So it's this last view that has any hope of giving us reliable cognitive faculties--cognitive faculties that will produce mostly true beliefs rather than false beliefs. But the only way for evolution to produce reliable cognitive faculties is if it turns out that true beliefs are more likely to result in adaptive behavior than false beliefs. If false beliefs are just as likely to result in adaptive behavior as true beliefs, then it would be easy to see how evolution would produce unreliable cognitive faculties.

Plantinga argues that it's easy to come up with combinations of false beliefs and desires that would result in adaptive behavior. They can be silly, too, because all we're interested in is getting our body parts to the right place to ensure our survival and reproductivity. Suppose, for example, that a tiger is chasing you. You believe tigers are harmless, cuddly, fun animals who love to play chase, and such is your desire to play with said tiger that you run from it. Although the belief is false, it gets your body parts where they need to be to stay alive. Or let's take something even more silly. Let's say you believe the tiger is sweet, you want to hug it, and you believe the best way to hug it is to run from it. It's an absurd belief, but it gets you where you need to go to stay alive. And it's not hard to come up with scenarios like this. For any situation a person can bring up in which they might claim that some true belief resulted in adaptive behavior, you can come up with an absurd belief that would have the same result. So, argues, Plantinga, evolution is not likely to produce reliable cognitive faculties.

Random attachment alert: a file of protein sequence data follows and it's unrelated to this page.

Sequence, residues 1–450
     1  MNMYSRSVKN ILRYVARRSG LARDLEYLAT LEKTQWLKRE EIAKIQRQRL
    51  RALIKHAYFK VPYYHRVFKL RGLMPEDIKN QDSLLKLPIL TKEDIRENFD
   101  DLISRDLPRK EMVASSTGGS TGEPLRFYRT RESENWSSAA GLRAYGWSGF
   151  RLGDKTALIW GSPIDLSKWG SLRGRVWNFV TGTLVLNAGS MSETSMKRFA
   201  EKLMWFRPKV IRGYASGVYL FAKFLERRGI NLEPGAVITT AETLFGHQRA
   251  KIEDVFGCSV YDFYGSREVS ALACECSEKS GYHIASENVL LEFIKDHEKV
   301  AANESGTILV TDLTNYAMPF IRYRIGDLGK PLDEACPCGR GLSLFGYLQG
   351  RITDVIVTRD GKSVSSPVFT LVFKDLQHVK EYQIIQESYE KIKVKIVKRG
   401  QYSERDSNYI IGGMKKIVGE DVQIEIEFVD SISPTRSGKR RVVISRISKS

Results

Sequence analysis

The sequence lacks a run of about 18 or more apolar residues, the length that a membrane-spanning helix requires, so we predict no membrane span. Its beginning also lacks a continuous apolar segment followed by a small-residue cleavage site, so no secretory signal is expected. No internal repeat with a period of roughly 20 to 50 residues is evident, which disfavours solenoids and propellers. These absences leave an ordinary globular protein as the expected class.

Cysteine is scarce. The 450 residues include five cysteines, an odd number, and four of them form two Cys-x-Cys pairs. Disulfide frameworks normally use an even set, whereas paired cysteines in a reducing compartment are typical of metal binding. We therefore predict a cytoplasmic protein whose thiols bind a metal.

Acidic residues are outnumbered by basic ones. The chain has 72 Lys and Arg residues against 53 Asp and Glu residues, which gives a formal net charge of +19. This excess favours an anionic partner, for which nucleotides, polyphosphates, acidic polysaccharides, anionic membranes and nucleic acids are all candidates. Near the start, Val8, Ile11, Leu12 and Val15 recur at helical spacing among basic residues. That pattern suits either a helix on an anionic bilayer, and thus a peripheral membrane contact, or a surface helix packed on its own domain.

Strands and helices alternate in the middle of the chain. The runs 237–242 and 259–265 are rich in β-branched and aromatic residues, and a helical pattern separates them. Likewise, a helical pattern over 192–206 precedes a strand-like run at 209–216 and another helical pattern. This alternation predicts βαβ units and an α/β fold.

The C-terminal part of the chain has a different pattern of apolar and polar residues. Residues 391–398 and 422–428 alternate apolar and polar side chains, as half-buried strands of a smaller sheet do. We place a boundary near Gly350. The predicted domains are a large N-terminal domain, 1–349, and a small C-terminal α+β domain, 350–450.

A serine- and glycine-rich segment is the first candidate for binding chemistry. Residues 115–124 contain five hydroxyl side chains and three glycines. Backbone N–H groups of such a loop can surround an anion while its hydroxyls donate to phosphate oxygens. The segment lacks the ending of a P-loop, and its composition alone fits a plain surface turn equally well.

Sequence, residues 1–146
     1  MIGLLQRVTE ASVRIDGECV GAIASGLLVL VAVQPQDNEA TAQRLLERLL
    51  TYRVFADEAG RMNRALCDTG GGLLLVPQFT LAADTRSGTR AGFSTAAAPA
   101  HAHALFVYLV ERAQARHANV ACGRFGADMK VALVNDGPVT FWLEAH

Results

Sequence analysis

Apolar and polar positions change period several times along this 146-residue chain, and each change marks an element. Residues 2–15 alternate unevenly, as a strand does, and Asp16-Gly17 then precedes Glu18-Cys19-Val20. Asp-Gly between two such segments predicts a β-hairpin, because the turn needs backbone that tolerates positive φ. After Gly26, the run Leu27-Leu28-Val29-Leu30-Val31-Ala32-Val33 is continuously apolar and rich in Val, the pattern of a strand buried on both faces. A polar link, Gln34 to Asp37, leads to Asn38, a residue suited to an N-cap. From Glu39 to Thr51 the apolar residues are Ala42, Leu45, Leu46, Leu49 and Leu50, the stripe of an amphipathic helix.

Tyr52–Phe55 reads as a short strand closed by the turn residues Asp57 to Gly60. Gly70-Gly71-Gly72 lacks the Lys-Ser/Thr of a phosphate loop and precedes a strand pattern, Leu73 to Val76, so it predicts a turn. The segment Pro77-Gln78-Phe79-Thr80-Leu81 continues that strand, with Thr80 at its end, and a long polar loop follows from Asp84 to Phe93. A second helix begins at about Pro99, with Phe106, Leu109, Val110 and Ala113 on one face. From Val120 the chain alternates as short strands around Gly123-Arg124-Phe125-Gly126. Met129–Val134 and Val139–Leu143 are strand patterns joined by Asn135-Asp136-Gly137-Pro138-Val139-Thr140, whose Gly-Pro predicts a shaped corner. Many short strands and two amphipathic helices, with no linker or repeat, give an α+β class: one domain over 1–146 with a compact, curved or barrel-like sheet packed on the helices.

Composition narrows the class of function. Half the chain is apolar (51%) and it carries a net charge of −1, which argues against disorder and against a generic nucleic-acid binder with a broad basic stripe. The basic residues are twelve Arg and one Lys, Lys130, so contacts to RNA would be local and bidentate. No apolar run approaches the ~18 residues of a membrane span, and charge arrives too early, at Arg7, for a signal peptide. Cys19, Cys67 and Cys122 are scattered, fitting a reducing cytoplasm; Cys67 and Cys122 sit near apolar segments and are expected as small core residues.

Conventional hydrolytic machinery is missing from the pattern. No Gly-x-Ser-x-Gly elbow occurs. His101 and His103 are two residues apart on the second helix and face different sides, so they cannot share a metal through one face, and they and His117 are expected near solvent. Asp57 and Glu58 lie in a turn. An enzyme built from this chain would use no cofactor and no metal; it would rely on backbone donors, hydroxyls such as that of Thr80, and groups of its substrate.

The most common objection that I half way understood was that although given evolution and natural selection alone, our cognitive faculties might be unreliable, it could be there are other factors which, when combined with naturalism and evolution, would increase the probability that our cognitive faculties are reliable. In other words...

P(R/N&E) may be low or inscrutable, but P(R/N&E&C) might be high.

I don't remember what suggestions were given for C, but I remember some of the critics pointing out that we have an intuition about the reliability of our cognitive faculties that overcomes any argument to the contrary. There's a kind of Descartian clearness and distinctness about our cognitive faculties.

Plantinga didn't respond to that the way I expected him to. What I would've said was that, yeah, sure. I totally agree that our cognitive faculties are reliable. That's not my point. My point is that if our cognitive faculties were the result of naturalistic evolution, then they would not be reliable. Since they are reliable, then either naturalism is false, evolution is false, or they're both false. Here's the syllogism:

1. If N&E are true, then our cognitive faculties are unreliable.
2. Our cognitive faculties are not unreliable.
3. Therefore, either N is false, E is false, or they're both false.

But that's not how Plantinga responded. I'd tell you how he responded, but I don't remember.